Hello and welcome to MadeByPin.com. I’m a wife, mom, granny and maker. I started this blog in 2011 in order to complete my huge pile of UFPs (Unfinished Projects). I finished many of them but also started a lot and the pile hasn’t really diminished. Join me and follow my progress or get in touch with the stories about your own UFPs.
Crafty Roo bringing you this week’s make – a stack and whack play quilt for a baby.
I have been making quilts for some time and wanted to try a new method. I had a birthday last week and received many crafty books, one of which was Kirstie Allsop’s Craft. In this book, one of the first projects is a stack and whack quilt. It looked quite easy and interested and I wanted to see if I could use this technique as opposed to cutting blocks or strips which is how I usually piece my quilts.
Anyway, the book suggested making a template. I didn’t do this and wanted to get straight on with my cutting. I made a stack of five fabrics. I then cut two squares through all five layers, each six inches by six inches. Then I made four cuts into each square, giving five smaller piles of fabric for each square (10 in total). I labelled these carefully. Each pile of fabric was cut slighly differently, giving different shapes.
You then leave pile one as it is, take one piece the top of from pile two and put it on the bottom, take two from pile three and put it on the bottom, take three from pile four and put them on the bottom, put four from pile five on the bottom. Do this carefully and you will end up with five unique squares. Sew these together so you end up with ten complete squares.
Lay these out so that no two of the same fabrics are next to each other. You will have one square left over, which you can use on the back, if you like, or to make a matching cushion.
If I was going to do it again, I would cut bigger squares to start off with. Using only six by six squares made it very fiddly!
That is as far as I’ve got! I’ll try to update this with my next steps.
Some days crafty things just don’t go right. I was full of enthusiasm to make some Valentines cards and had found one online that I thought I would have a try at making.
Take a look at this one
Gorgeous and relatively simple, I thought.
Not so fast…
I gathered the equipment together
Then I carefully cut around the solid lines and folding at the dashed lines. This took a while. I was engrossed in listening to Danny Baker on the radio that was mistake number 1! I wasn’t concentrating on the card and glued the wrong side of the cut out piece:
The pot of glitter had not been opened before and was covered in tape. I took much too long trying to get it open – mistake number 3. By the time I had finally got into the glitter the glue was almost dry.
But I carried on – mistake number 4. Glued it to the card and found that I had cut the heart too big so it didn’t fold properly – mistake number 5.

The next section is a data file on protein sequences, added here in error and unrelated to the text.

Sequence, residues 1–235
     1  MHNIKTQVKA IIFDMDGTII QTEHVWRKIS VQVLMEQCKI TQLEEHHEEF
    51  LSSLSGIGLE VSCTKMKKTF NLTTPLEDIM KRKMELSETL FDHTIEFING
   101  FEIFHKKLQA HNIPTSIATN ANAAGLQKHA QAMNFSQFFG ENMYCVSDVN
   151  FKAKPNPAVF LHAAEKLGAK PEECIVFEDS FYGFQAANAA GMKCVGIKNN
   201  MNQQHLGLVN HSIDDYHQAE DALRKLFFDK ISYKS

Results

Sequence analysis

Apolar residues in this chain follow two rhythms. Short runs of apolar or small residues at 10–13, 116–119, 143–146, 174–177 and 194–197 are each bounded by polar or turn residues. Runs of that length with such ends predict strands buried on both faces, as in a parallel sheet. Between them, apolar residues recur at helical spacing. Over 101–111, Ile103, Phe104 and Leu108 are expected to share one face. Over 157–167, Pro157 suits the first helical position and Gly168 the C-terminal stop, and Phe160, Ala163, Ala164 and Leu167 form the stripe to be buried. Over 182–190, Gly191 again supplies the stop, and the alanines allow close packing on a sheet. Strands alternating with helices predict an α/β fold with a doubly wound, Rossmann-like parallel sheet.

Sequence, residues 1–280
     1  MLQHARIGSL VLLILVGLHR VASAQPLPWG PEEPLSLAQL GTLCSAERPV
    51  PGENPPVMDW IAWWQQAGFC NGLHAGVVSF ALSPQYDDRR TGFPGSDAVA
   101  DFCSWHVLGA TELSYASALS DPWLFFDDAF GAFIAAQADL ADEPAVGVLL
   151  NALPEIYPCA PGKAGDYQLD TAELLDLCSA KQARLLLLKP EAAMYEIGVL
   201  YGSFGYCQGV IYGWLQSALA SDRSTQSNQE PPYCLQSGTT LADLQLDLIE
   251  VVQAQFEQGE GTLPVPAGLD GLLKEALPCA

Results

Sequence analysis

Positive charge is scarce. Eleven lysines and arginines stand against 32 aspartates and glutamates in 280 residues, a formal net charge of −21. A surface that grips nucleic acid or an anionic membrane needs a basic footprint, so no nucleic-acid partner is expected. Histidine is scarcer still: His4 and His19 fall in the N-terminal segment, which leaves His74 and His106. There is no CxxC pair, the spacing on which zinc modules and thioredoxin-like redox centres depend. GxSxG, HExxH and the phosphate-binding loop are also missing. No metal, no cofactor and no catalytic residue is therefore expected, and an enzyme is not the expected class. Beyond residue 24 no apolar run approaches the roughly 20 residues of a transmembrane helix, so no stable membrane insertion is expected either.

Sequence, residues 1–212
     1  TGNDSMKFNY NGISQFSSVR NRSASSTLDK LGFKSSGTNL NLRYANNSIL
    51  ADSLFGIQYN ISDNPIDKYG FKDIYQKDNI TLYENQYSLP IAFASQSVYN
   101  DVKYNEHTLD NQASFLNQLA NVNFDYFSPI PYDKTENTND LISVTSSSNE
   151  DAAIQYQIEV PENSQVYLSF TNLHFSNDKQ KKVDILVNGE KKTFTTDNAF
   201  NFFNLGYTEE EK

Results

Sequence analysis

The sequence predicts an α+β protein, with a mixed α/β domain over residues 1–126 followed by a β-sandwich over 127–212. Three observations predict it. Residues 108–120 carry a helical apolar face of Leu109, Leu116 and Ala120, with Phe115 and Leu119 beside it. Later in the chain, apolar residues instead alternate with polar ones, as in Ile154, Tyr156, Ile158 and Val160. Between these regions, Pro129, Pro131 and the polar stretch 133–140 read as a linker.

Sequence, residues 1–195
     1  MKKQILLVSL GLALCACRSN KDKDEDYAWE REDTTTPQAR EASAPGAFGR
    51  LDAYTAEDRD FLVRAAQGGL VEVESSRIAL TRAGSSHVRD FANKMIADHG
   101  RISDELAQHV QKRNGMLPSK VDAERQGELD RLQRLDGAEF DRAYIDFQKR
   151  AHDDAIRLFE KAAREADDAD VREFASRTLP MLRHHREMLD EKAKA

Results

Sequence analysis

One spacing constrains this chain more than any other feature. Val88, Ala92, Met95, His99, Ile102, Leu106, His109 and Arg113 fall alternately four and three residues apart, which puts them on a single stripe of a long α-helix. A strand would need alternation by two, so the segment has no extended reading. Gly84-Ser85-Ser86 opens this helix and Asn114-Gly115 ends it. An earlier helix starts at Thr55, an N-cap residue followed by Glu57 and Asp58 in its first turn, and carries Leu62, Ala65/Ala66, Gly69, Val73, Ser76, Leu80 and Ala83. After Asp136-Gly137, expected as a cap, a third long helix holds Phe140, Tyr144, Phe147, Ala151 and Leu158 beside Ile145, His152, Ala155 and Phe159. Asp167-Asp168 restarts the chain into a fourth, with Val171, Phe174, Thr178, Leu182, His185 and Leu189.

At this point I decided to try making a different card.
This one is much simpler.
Cut 2 hearts the same size from some pretty paper. The picture below shows enough for 3 cards.
Here comes mistake number 6. I had drawn the heart shape on the reverse of the design and found when I turned it over that I had missed the design in some places – the white stripes in the picture above.
Stick one heart to the front of the card.
Then stitch the matching sized heart on top of this one.
If you look closely you will see mistake number 7. I accidentally got some purple pen marks on the large top heart and had to disguise it by going around the whole heart with a purple outline.
As I made these 3 cards, I refined the method. On the last one, I glued some tissue paper to the reverse side of the top heart which hid the print on the underside.
I also made mistake number 8…as I was finishing off the stitches on one of the cards, I snipped off the thread too close to the card and cut off the knot I had carefully made to secure the stitching so the inside has a loose end. If I had more time and wasn’t making so many mistakes today, I would cover the stitching on the inside with another layer of card in a contrasting colour but I’m going to stop while I’m ahead.
I’ve been meaning to make an apron for a long time as mine were looking particularly scruffy. Luckily some very nice people saw them, took pity on me and made me some so I didn’t have to. One of them even has Made For Pin appliqued on to the front.
However, after coming across quite a few people who wanted to learn to sew, I decided to put on a class at the library where the participants could learn and sew an apron at the same time. It was lots of fun, if a bit frantic at times, with varying types of machines and all different sorts of bobbins and threading systems.
Here is what we did:
Start with 1m of fabric.
I used a lovely Ashley Wilde cotton twill fabric that is 143cm wide. I bought it at the fantastic Fabric Warehouse.
If you are using fabric that is narrower then buy extra length for the straps and pocket if you want one.